Uganda is hoping for LGBT travelers, but could North Korea be far behind? The tiny, impoverished, repressive nation is making a play for more visitors, inviting foreigners to the Pyongyang marathon and wrestling tournaments, making available domestic flights for non-North Koreans, and opening up ski areas and beaches, according to the Los Angeles Times.
North Korea attracts 4,000 to 6,000 Western travelers annually, according to estimates. There is no U.S. policy forbidding travel to North Korea, but the State Department "strongly recommends" taking a trip there. Flights to North Korea are available via connecting flights in China and take nearly a day from California.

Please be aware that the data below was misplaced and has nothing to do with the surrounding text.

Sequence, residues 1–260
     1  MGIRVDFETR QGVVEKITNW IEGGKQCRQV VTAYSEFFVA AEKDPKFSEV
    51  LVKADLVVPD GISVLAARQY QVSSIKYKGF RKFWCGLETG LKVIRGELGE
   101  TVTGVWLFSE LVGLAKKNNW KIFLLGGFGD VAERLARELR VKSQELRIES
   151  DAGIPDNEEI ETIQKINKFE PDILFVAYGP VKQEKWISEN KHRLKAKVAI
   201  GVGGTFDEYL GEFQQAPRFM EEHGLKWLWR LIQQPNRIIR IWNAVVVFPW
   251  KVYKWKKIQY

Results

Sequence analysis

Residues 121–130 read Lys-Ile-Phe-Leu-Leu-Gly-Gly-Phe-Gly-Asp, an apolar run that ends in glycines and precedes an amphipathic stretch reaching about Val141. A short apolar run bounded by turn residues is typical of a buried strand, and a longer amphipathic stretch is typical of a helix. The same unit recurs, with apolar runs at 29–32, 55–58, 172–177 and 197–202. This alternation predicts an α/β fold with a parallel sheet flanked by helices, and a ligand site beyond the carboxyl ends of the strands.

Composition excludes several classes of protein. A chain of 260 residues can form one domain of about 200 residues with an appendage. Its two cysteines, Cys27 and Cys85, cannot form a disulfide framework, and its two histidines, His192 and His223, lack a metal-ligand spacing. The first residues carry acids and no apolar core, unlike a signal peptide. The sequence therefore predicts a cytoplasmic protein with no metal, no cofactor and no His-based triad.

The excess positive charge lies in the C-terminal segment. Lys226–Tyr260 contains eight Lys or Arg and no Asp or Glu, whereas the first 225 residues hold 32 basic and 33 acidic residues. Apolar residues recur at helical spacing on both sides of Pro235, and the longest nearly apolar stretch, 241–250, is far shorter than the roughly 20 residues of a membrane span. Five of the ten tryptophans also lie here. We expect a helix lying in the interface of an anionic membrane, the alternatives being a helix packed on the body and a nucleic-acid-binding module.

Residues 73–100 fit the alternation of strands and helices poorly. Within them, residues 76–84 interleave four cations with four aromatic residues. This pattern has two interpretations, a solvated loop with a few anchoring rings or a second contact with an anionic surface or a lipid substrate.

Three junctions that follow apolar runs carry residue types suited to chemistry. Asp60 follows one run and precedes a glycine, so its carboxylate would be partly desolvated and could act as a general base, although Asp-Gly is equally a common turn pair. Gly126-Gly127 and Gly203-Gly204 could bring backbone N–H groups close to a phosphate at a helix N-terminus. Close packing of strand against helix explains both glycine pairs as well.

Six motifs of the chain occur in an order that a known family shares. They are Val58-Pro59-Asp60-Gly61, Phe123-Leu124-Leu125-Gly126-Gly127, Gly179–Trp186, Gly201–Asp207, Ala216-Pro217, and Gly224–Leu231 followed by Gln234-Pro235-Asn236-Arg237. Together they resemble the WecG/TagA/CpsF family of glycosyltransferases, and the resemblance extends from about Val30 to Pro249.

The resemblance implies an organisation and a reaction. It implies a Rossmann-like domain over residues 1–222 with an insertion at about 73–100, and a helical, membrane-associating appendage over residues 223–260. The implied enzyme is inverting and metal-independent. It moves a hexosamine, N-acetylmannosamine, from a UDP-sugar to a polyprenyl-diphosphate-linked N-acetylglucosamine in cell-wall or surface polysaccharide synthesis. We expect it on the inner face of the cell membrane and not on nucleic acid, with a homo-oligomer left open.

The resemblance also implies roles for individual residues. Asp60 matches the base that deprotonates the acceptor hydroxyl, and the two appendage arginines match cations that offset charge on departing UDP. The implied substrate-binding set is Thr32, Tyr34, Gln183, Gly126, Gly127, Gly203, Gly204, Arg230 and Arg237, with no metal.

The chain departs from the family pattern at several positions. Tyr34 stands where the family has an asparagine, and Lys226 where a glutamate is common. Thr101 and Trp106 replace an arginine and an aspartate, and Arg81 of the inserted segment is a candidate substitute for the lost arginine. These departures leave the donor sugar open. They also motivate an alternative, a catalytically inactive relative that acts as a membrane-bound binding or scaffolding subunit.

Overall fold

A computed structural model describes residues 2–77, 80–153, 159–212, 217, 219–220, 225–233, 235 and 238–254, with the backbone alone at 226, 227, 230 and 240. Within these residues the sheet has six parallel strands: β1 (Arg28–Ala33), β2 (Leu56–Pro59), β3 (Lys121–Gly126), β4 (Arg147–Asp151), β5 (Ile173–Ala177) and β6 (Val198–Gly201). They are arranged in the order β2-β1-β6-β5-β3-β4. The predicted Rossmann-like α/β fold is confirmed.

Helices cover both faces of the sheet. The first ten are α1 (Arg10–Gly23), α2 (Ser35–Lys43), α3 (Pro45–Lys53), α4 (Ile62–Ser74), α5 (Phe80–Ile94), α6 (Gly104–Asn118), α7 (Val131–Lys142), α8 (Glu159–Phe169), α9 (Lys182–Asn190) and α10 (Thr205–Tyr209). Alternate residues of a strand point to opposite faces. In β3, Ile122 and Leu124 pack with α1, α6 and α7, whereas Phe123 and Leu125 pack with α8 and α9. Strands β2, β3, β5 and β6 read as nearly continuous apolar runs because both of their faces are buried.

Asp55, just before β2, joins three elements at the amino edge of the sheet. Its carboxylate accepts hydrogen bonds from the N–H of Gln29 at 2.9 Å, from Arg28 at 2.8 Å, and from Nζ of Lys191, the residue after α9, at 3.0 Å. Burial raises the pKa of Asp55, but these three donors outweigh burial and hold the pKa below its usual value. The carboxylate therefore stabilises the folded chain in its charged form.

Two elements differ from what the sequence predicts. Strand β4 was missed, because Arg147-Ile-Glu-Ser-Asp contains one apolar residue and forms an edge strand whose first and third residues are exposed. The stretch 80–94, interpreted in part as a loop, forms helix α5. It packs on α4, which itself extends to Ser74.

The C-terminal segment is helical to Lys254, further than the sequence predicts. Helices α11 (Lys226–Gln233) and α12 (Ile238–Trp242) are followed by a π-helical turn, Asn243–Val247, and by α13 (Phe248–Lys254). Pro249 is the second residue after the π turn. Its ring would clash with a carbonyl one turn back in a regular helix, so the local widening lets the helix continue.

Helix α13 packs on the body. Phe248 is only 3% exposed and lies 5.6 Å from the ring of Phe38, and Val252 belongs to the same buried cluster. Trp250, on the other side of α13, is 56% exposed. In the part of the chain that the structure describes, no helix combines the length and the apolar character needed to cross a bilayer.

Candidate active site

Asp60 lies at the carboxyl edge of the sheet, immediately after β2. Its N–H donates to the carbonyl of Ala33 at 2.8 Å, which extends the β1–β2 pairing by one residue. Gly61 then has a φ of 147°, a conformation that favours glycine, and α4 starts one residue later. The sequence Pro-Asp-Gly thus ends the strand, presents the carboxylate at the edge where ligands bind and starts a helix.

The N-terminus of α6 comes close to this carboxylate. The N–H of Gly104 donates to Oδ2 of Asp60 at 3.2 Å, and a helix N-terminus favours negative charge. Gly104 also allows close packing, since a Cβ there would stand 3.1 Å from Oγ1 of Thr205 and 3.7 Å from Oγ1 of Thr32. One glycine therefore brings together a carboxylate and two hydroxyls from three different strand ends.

When visiting North Korea, Western travelers no longer have to surrender their phones at the airport, and Americans can visit any time of the year, not just during the popular Mass Games, which take place in late summer to early fall. But trips to North Korea remain tightly controlled, with multiple guides leading you around tours where individual wandering is srictly forbidden. Highlights reportedly include visits to the embalmed corpses of leaders Kim Il Sung and Kim Jong II.
Of course, North Korea remains a risky, if intriguing, choice for a trip. The nation is currently holding three U.S. citizens who were detained while visiting there, and just sentenced one to six years of hard labor. LGBT rights appear non-existent in North Korea and some reports indicate gays and lesbians have been executed there. If you're prepared to travel at your own risk, click here for practical ways on getting to North Korea.